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Why we use the KJV Bible


Some new Bible are dangerous because of the theological bias of their translators. The 
Revised Standard Version (R.S.V.) of the Bible was presented to the public as a 
completed work in 1952. The notoriously liberal National Council of Churches 
authorized it. The unbelieving bias of the majority of the translators is evident in such 
readings as Isaiah 7:14

“Therefore the Lord himself will give you a sign. Behold a young woman shall conceive 
and bear a son, and shall call his name Immanuel.” (R.S.V.)

The difference between this reading and the way the verse reads in the King James 
Version (K.J.V.) is very important. The old Bible says that “a virgin shall conceive, and 
bear a son.” The liberal bias against the doctrine of the of the virgin birth of Christ is 
reflected in the R.S.V. translation of this verse. To make matters worse this liberal 
version translates Matthew 1:23, “Behold a virgin shall conceive and bear a son.” This 
is a correct rendering of the Greek, but with the incorrect translation Isaiah 7:14 in the 
same Bible, the impression is given that Matthew misquoted Isaiah. Not only is the 
doctrine of the virgin birth undermined in the R.S.V., but also the doctrine of the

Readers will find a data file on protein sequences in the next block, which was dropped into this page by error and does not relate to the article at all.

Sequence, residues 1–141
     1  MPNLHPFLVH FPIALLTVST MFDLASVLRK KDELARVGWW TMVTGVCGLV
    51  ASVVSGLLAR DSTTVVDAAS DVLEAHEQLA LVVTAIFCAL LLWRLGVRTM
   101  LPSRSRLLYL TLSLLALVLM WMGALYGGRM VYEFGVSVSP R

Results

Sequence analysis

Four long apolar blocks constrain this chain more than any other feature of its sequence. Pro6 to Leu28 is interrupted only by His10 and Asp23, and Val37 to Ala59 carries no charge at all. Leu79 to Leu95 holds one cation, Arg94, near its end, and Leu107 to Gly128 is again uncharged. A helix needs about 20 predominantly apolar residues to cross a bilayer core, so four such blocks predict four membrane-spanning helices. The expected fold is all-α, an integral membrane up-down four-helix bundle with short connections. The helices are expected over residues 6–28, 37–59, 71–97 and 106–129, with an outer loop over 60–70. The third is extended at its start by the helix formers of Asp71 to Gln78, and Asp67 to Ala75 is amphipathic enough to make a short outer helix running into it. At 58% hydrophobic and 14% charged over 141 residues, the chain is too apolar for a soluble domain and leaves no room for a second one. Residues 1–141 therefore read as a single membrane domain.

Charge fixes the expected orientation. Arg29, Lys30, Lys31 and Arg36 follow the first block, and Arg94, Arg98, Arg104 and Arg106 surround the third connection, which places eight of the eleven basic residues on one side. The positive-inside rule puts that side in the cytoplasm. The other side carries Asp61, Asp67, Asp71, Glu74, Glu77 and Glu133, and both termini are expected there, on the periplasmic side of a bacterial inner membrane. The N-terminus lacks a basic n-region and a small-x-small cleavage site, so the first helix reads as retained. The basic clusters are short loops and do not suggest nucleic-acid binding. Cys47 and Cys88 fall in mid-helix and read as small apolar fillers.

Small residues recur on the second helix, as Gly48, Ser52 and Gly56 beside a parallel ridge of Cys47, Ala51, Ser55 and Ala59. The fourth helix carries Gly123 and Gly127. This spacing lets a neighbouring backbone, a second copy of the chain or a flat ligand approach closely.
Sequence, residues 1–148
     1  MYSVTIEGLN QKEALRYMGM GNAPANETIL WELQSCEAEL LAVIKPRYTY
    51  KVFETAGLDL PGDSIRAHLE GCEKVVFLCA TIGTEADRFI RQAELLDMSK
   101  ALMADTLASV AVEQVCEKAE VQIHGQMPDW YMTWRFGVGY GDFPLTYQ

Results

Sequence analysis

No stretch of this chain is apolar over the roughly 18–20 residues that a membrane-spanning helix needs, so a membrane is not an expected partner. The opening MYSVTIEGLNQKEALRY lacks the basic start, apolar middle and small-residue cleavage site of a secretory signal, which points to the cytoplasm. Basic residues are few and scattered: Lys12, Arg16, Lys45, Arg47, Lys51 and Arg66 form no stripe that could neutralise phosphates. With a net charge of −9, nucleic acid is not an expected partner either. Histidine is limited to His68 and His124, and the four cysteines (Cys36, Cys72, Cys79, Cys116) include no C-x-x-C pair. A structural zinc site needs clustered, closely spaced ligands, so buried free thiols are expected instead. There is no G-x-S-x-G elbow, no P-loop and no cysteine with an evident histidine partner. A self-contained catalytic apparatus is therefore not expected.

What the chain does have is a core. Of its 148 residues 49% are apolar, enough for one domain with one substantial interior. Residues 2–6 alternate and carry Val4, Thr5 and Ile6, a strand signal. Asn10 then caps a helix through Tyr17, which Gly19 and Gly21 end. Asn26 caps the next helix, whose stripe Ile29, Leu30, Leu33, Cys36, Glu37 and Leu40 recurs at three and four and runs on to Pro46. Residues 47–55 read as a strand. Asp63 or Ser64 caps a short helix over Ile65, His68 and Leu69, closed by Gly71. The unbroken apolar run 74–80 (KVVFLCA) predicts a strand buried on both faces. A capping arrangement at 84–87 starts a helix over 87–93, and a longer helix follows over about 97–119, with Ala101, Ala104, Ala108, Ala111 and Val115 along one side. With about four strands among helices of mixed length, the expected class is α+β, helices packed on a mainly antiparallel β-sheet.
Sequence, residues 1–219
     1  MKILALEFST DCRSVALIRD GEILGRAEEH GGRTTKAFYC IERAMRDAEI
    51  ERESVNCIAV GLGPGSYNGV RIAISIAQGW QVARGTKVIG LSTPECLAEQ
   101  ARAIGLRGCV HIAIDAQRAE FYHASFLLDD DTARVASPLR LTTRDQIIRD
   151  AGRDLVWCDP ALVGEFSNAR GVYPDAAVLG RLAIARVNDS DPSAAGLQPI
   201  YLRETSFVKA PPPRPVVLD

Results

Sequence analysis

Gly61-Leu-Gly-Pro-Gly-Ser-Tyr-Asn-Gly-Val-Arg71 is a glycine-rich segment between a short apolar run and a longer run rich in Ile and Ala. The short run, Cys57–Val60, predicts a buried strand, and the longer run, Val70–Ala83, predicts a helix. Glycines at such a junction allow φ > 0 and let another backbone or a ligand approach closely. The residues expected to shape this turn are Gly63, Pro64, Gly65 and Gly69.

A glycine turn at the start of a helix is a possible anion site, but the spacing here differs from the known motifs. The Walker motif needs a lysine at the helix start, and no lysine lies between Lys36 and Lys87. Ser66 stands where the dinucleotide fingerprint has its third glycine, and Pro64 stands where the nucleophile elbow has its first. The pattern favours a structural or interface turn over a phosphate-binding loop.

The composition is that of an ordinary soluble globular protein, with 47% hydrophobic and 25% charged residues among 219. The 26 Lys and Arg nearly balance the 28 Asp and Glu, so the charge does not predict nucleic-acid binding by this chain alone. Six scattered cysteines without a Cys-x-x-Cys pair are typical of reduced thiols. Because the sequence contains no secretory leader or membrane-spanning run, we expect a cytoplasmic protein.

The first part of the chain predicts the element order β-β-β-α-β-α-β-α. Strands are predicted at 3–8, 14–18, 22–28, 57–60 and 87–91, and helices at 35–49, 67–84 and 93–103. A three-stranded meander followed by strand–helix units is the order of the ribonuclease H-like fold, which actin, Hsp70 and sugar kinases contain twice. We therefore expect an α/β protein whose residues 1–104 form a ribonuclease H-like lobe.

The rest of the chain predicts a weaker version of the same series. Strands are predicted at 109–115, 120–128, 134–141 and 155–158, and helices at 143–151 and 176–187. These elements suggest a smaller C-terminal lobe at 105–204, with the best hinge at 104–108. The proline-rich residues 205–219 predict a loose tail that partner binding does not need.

infallibility of the Bible! No fundamentalist Christian would accept as his standard a 
theologically liberal translation of the Bible like the R.S.V.

The Good News Bible, (or, properly, Today’s English Version) was translated by neo-
orthodox Richard Bratcher, and purposely replaces the word “blood” with the word 
“death” in many New Testament Passages that refer to the blood of Christ (such as 
Colossians 1:20, Hebrews 10:19, and Revelation 1:5). Bratcher also replaces the word 
“virgin” with “girl” in Luke 1:27. His theological bias ruins his translation.

The N.I.V. (probably the most popular version of recent days) calls into question these 
same doctrinal issues, as well as teaching the false doctrine of baptismal 
regeneration. In Acts 8:26-40 you will find the account of Philip and the Ethiopian 
Eunuch, the N.I.V. completely omits the 37th verse, which says, “And Philip said, if thou 
believest with all thine heart thou mayest. And he answered and said, I believe that 
Jesus Christ is the Son of God.” This leads the reader to believe that salvation is not a 
prerequisite to baptism.

Liberal or neo-orthodox religionists also produced other versions, such as Phillips 
Translation and the New English Bible. For this reason we will not use them.


Many in the pew do not know that most of the more than one hundred new versions of 
the Bible are not translated from the same Hebrew and Greek texts that the King James